Finnish author, Johanna Sinisalo, has a new book out in translation this month. It is titled Birdbrain and is translated by David Hackston. The publishers, Peter Owen, have this to say about it:
Set in Australasia, Birdbrain is the story of a young Finnish couple who have embarked on the hiking trip of a lifetime, with Heart of Darkness as their only reading matter. Conrad’s dark odyssey turns out to be a prescient choice as their trip turns into a tortuous thriller with belongings disappearing and they soon find themselves at the mercy of untamed nature, seemingly directed by the local kakapo — a highly intellegent parrot threatened with extinction.
Birdbrain is a skilful portrait of the unquenchable desire of Westerners for the pure and the primitive, revealing the dark side of the explorer’s desire: the insatiable need to control, to invade and leave one’s mark on the landscape. But what happens when nature starts to fight back?
Sinisalo’s previous translated novel, Not Before Sundown (published as Troll in the USA), won the James Tiptree Jr. Award.
Via World SF News we have learned of the launch of Onirismes, a webzine that will be publishing speculative fiction stories in both French and English. The magazine’s stated aims include, “promoting international fiction among French readers, and vice versa.” We look forward to seeing what they produce.
The Jury for the inaugural translation awards will be as follows:
- Terry Harpold, University of Florida, USA (Chair)
- Abhijit Gupta, Jadavpur University, India
- Dale Knickerbocker, East Carolina University, USA
- Leith Morton, Tokyo Institute of Technology, Japan
- Helen Pilinovski, CSU-San Bernardino, USA
- Lisa Raphals, UC-Riverside, USA
We would like to thank all of the jurors for agreeing to serve and wish them luck in their task of sifting through the many fine eligible works in search of winner.
In September Tor will be issuing Twilight Forever Rising by Russian author Lena Meydan (translation by Andrew Bromfield). This is nothing to do with Stephanie Meyer’s blockbuster vampire series, but judging from this interview with Meydan at World SF News it does share a few themes.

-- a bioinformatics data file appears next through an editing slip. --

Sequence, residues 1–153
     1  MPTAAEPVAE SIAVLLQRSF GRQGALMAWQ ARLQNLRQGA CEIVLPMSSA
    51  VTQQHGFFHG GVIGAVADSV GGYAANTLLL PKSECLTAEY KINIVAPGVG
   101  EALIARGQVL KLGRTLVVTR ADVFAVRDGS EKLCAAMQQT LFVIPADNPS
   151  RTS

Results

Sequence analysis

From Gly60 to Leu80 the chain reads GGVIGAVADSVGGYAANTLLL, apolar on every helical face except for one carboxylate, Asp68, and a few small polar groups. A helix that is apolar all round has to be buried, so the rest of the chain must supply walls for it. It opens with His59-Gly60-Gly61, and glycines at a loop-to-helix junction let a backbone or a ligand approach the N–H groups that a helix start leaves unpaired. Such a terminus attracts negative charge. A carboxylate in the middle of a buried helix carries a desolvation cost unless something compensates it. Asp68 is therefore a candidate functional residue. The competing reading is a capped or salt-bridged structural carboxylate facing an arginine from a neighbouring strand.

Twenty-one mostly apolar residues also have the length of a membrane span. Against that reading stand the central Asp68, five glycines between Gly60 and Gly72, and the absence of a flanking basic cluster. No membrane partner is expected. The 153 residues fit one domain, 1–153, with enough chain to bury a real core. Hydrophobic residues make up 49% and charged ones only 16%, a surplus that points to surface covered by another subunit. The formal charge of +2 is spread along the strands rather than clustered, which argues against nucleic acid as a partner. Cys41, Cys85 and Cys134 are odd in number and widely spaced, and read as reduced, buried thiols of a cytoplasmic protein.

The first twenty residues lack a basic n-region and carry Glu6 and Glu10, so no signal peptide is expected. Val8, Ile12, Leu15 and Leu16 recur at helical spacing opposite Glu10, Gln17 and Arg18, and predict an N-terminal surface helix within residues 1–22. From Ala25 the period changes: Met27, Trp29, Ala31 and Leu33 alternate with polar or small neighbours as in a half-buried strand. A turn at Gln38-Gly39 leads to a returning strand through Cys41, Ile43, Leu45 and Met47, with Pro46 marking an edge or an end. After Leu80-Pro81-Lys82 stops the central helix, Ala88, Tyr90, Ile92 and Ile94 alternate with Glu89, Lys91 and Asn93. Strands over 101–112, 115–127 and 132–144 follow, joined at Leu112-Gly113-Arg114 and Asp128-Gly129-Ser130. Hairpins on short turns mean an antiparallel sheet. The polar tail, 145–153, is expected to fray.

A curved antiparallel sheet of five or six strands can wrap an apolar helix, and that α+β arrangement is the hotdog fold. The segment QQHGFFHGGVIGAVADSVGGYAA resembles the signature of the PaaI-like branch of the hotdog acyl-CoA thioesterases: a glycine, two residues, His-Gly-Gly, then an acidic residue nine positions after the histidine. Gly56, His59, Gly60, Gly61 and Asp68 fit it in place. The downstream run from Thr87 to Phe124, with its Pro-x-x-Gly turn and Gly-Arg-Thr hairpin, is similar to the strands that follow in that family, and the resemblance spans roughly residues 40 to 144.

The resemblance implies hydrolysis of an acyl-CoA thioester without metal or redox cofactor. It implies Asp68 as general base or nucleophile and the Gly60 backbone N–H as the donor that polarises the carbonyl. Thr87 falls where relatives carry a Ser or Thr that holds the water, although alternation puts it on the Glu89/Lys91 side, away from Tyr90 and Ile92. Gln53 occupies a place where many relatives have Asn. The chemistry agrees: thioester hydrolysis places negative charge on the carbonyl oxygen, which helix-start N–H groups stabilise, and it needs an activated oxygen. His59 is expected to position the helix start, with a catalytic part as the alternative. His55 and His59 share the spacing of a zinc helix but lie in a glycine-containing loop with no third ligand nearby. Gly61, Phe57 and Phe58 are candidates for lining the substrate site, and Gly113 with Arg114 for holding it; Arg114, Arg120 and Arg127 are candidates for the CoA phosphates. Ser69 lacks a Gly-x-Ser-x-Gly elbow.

A comment on the World SF News post appears to suggest that Meydan is a pen name for a group of Russian writers including Alexei Pekhov. Can anyone confirm this?
Our Board President, Gary K. Wolfe, has a regular podcast series produced in collaboration with his Locus colleague, Jonathan Strahan. In their most recent episode they devote much of the program to discussing the issue of science fiction and fantasy translations. You can listen to it here.
Sometimes articles on translated science fiction turn up in strangest places: like the Financial Times. Our thanks to author James Lovegrove for doing some great PR work for non-Anglophone science fiction here.
The Finnish fiction magazine, Usva (The Mist), publishes occasional English-language issues. The latest one, Usva International 2010, was published at this year’s Finncon. It contains translations of stories by Katja Salminen, Marika Riikonen, Marketta Niemelä, Carita Forsgren, Marko Hautala, and Tomi Jänkälä. All of these are eligible for our short fiction award. The whole magazine is available online as a PDF. Congratulations to editor Anne Leinonen for promoting Finnish writers in this way.
Haikasoru, the specialist in publishing translated Japanese SF, is about to release a novel that won Japan’s prestigious Seiun Award in 2009. Harmony, by Project Itoh, is a social satire about health care which is all the more poignant as its author was dying of cancer when he wrote it. The book also promises entertaining style. Haikasoru’s Nick Mamatas has this to say:
Harmony is an unapologetic example of “stained glass” writing, where the beauty of the prose comes out. At the same time, however, the book isn’t a lyrical excursion on to the far reaches of language—now that would have been murder to translate—but is actually cool and fun.
Examination of the cover picture suggests that the translator is Alexander O. Smith who has also worked on Final Fantasy games and the Full Metal Alchemist novels.
Aliette de Bodard, a French woman who writes in English, talks about the difficulties of translation. Here’s an extract:
In Vietnamese, “to have a meal” is literally “to eat rice”. “French cuisine” is “French rice”, and so on for English cuisine or Japanese. This says a lot about the way the culture works, and could be used to inject a little “flavour” in the dialogue, but you can see that this would also create problems because it’s not a natural construction.
Read the whole thing here. (And our congratulations to Aliette on her wedding, which takes place today!)
Last year the inaugural David Gemmell Awards caused something of a stir when the best novel price (the Legend Award) went to a translated book, Blood of Elves by Andrzej Sapkowski. This year saw the introduction of a new category for debut fantasy novels, and it was won by Pierre Pevel’s The Cardinal’s Blades, translated from the French by Tom Clegg. Full details here.